Jeff Volp (revised 06-03-14)
If you have been reading these tutorials, you should know Pico Electronics developed the X10 protocol back in the 70's. In the decades since then our houses have become filled with various electronic devices, some of which are downright hostile to X10 powerline communications. Many people blame X10 when their system does not work perfectly. However, maybe the blame should be redirected at the manufacturers who developed these new devices without any regard for other equipment that might share the same powerline. The XTB was my attempt to give X10 systems a means to fight back.
X10 powerline control signals are sent as a series of 120KHz bursts coupled onto the powerline. Many X10 transmitters use inexpensive transformerless power supplies. While small and cheap, transformerless supplies cannot deliver much energy. Most X10 transmitters output about 5Vpp to the powerline, but that level falls off rapidly as the distance from the transmitter increases. Because most X10 transmitters cannot supply much current, any "signal suckers" on the powerline will compound the attenuation.
The normal approach to combating the effects from problem devices is to isolate them with filters. Unfortunately, many loads are dynamic, and the powerline environment is always changing. It becomes impractical and expensive to isolate all potential problem loads with filters. The XTBR and XTB-IIR provide an alternate means to deal with the multiplicity of problem loads.
The original XTB was designed to directly boost the output of any X10 transmitter that was plugged into it. It has a powerful transformer power supply that can deliver over 10 times the energy of a typical X10 transmitter. Its output of 20Vpp or more allows X10 signals to reach much further before the signal strength drops to marginal levels. Since the XTB just drives the phase it is plugged into, a good passive signal coupler should be installed when X10 devices are on both phases.
Because the simple plug-in XTB was well received, the 2-phase XTB-II was developed. It has two output coupling networks to directly drive both phases, eliminating the need for an additional passive coupler. The XTB-II added a microcontroller to generate a precision 120KHz. It also blanked the unnecessary 3-phase signal bursts to allow it to concentrate all its power into the zero crossing burst, delivering an even more powerful signal than the XTB. Soon afterward the XTBR and XTB-IIR repeater versions were developed. They can receive incoming X10 signals over the powerline, and repeat them at a much higher level. Because demand for the repeater versions eclipsed sales of the earlier versions, they were discontinued. Both the XTBR and XTB-IIR have received several firmware updates since they were introduced to incorporate additional features and resolve problems encountered with certain devices.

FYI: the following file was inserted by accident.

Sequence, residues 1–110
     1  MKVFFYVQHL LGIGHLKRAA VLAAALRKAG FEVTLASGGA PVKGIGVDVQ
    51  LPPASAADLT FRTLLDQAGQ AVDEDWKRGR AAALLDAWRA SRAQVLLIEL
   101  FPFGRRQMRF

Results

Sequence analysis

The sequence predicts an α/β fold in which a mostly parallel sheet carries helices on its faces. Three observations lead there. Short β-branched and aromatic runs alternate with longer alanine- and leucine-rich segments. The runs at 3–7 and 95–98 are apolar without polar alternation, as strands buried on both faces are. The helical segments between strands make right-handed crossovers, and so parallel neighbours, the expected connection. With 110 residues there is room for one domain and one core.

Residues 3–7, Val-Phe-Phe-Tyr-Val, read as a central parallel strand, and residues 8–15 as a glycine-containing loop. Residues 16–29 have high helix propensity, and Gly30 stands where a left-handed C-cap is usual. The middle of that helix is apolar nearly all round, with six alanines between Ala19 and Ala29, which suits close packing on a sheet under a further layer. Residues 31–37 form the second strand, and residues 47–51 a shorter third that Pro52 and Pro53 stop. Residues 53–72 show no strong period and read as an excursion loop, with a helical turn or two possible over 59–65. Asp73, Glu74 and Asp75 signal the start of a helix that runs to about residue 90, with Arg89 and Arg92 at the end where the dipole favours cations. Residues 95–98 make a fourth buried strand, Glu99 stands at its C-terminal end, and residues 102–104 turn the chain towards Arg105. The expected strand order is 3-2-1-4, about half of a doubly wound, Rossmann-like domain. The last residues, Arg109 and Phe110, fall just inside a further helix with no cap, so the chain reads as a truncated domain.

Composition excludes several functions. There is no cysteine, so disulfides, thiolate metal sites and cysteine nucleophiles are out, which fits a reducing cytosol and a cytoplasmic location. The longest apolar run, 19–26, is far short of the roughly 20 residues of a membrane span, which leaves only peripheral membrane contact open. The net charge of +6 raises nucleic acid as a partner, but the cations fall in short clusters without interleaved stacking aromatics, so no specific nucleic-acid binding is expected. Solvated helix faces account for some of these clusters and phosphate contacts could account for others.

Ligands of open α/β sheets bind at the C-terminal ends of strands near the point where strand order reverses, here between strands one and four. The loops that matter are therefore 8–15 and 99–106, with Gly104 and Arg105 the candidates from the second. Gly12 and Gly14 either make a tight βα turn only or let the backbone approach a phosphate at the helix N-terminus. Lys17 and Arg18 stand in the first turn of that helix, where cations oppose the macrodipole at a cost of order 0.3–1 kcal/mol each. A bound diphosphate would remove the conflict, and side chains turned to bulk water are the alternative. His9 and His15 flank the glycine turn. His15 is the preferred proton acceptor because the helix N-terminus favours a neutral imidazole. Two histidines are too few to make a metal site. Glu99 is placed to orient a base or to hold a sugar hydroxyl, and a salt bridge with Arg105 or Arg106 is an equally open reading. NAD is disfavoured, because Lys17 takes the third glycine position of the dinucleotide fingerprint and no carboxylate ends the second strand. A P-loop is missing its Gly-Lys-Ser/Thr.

Perhaps the most significant change to the XTB/XTBR was the elimination of the X10 Boost input on the most recent unit. The plastic case used for the original version was discontinued as a standard product. While it is still available on special order, the volume is way above our needs. The XTBR was redesigned to provide the direct X10 Boost feature for any X10 transmitter plugged into a nearby outlet on the same circuit. It still functions as a repeater for weaker X10 signals received over the powerline.
Some may think that the XTBR and XTB-IIR are expensive. Most consumer electronic devices today are made in China with cheap labor and components ordered in huge quantities. The XTBR and XTB-IIR are kitted from components bought from major US distributors, such as Mouser or Digikey. The kits are priced at the unit quantity component prices. Any savings possible by ordering in larger quantities covers shipping charges, packaging materials, time spent ordering, sorting, and packaging the components, and various fees. A nominal charge beyond the cost of the components covers the firmware development.
As you can see from the user reports, the XTBR and XTB-IIR provide a single solution to most X10 signal strength issues. The plug-in XTBR is certainly the easiest to use, but it should be paired with a good passive signal coupler for most installations. The XTB-IIR is a more capable unit that also provides TW523 emulation and a basic repeater capability. However, it should be connected to a 240V circuit near the main distribution panel for best performance. And while the XTBR or XTB-IIR will solve the majority of X10 signal strength issues, it may not solve problems caused by strong noise generators.
The XTB-ANR (Active Noise Reducer) was developed to combat overall noise problems. A pair of those, combined with the XTBR or XTB-IIR to boost signal levels, should deal with most X10 signal problems. It is possible that particularly nasty devices may still have to be individually isolated with an X10 filter.